With one second left in the first quarter of Sunday’s Steelers-Packers game, Tony Romo marveled at just how quickly the opening 15 minutes of the broadcast had flown by. “I don’t know if I’ve ever done a quarter of football without a commercial,” the CBS analyst said, echoing what more than a few fans in the Pittsburgh and Milwaukee markets must’ve already been thinking.
Thanks to some strange doings that were going down some 990 miles to the east and a confluence of other peculiarities having to do with the business of TV, CBS chose to forge ahead with a special ad-free, no-huddle edition of its big NFL production.
CBS managed to get through the entire quarter without airing a commercial break—this despite the fact that the standard allotment of four interruptions had been built into the broadcast schedule. In the absence of the usual barrage of Geico, Verizon and Bud Light Seltzer spots, the first quarter was completed in a brisk 26 minutes and 16 seconds.
As the technicians in the truck aired a shot of Equanimeous St. Brown dropping an Aaron Rodgers pass at the Steelers’ 20, Jim Nantz gave a hint as to what was going on. Back in New York, the Titans had just missed what would have been a game-tying 49-yard-field goal with nine seconds to go in overtime, giving the Jets their first win of the season. Although fans in 90% of the markets served by CBS had expected to be taken out to Green Bay for the 4:25 p.m. ET national window, the affiliates instead diverted traffic to the overtime duel in MetLife Stadium.
Randy Bullock’s kick sailed wide left just as the quarter was running out in Green Bay. Thus, viewers in the home markets encountered their very first ad break of the afternoon during the interval between the end of the first quarter and the start of the second quarter. (The ad pod led off with the seemingly ubiquitous Verizon “Every Sister” spot, featuring Kate McKinnon. According to iSpot.tv, that spot aired 99 times last Sunday, a bombardment that included no fewer than 27 in-game NFL airings.)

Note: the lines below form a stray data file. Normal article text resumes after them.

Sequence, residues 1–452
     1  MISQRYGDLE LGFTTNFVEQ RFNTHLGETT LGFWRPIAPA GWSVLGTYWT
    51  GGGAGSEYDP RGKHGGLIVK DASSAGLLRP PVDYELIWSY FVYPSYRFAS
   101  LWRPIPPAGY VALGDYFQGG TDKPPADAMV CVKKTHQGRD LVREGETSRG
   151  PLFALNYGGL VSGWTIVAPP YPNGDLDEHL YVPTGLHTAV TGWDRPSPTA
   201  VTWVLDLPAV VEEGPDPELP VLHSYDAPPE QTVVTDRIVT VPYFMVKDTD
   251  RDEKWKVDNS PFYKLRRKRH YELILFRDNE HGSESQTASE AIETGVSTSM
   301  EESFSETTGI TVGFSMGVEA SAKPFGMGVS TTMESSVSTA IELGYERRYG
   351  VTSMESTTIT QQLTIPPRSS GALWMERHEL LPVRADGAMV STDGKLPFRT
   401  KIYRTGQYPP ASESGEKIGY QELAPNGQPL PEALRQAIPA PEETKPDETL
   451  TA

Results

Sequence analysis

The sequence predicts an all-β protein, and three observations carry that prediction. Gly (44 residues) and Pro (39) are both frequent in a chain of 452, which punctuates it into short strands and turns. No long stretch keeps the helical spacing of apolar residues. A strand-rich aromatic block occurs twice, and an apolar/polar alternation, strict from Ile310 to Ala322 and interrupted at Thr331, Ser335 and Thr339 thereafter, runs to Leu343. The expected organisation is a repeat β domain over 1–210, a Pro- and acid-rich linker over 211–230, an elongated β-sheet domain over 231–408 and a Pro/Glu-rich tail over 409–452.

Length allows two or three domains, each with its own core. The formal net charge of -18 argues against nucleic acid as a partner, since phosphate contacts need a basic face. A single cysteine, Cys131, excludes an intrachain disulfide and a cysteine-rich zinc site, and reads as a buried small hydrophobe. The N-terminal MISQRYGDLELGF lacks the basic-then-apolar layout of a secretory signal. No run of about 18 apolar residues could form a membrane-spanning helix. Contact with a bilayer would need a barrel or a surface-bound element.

Two plays into the new period, at the 14:17 mark, Nantz boomed, “We want to welcome the full nation to Lambeau Field,” at which point the last of the affiliates airing the Titans-Jets game switched over to CBS’ late-afternoon showcase. Moments later, Rodgers rumbled for a 4-yard touchdown, knotting up the game at 7-all and providing CBS an opportunity to start making up ground on the four pods it didn’t run in the first quarter.
While fitting 16 breaks into three quarters of football took a bit of scrambling on CBS’ part, each of the paid spots aired to completion. The decision to proceed with an ad-free show until the affiliates were all in place was a practical business decision; when marketers are paying up to $750,000 for a 30-second sliver of airtime in what’s meant to be a nationally televised game, there’s no benefit to running those spots until every market that’s scheduled to carry the broadcast is synced up with that primary feed. If CBS had aired the standard ad load in the first quarter, when only the home team affiliates and select “mandatory kickoff markets” were airing the Steelers-Packers signal, it would have been charging Wagyu sirloin rates and serving up cafeteria hamburgers.
As it is, the national broadcast window averaged 22.3 million viewers, making it the fifth most-watched NFL game of the season thus far. Because the size of the audience is functionally irrelevant if the people who are watching aren’t being fed any commercials, Nielsen officially did not begin measuring the CBS deliveries until that first Verizon ad dropped, at approximately 4:50 p.m. ET.